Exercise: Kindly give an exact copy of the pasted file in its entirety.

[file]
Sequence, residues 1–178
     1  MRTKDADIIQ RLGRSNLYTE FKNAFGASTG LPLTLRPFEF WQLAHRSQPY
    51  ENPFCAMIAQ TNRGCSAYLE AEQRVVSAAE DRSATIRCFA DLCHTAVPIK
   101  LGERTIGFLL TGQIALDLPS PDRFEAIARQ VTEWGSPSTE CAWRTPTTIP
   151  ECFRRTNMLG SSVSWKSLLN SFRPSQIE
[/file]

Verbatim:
Sequence, residues 1–178
     1  MRTKDADIIQ RLGRSNLYTE FKNAFGASTG LPLTLRPFEF WQLAHRSQPY
    51  ENPFCAMIAQ TNRGCSAYLE AEQRVVSAAE DRSATIRCFA DLCHTAVPIK
   101  LGERTIGFLL TGQIALDLPS PDRFEAIARQ VTEWGSPSTE CAWRTPTTIP
   151  ECFRRTNMLG SSVSWKSLLN SFRPSQIE